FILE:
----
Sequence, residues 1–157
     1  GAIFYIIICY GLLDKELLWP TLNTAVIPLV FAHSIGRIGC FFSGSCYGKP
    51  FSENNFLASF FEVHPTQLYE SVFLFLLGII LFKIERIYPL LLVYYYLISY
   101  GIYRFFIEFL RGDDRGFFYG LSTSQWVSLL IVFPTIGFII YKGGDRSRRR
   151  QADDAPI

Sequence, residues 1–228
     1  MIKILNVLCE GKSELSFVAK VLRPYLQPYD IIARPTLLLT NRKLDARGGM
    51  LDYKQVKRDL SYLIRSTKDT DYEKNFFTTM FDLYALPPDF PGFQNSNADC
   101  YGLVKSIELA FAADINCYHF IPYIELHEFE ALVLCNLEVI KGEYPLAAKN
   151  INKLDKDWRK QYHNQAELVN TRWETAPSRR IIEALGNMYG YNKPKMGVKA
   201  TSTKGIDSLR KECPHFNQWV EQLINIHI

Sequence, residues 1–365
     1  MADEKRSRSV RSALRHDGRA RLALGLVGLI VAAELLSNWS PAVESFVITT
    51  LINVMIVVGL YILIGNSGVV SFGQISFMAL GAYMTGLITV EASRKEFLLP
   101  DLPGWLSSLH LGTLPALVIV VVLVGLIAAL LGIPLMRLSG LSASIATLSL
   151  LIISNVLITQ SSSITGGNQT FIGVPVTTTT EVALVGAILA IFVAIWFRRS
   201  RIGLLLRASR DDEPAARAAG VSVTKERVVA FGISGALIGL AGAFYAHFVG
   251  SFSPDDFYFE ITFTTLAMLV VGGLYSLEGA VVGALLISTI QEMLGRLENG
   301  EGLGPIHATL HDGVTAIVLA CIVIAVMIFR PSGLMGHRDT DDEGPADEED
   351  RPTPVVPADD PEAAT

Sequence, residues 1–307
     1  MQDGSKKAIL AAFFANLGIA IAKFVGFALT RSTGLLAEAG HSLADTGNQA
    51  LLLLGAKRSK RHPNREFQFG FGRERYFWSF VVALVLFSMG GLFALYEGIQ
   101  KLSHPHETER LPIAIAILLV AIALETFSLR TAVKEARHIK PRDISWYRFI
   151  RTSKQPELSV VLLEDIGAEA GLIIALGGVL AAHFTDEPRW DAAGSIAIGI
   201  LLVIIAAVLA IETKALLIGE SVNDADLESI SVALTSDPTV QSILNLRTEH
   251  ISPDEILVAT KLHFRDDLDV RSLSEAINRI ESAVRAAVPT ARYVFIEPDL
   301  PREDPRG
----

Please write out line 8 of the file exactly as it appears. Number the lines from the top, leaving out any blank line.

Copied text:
    51  LDYKQVKRDL SYLIRSTKDT DYEKNFFTTM FDLYALPPDF PGFQNSNADC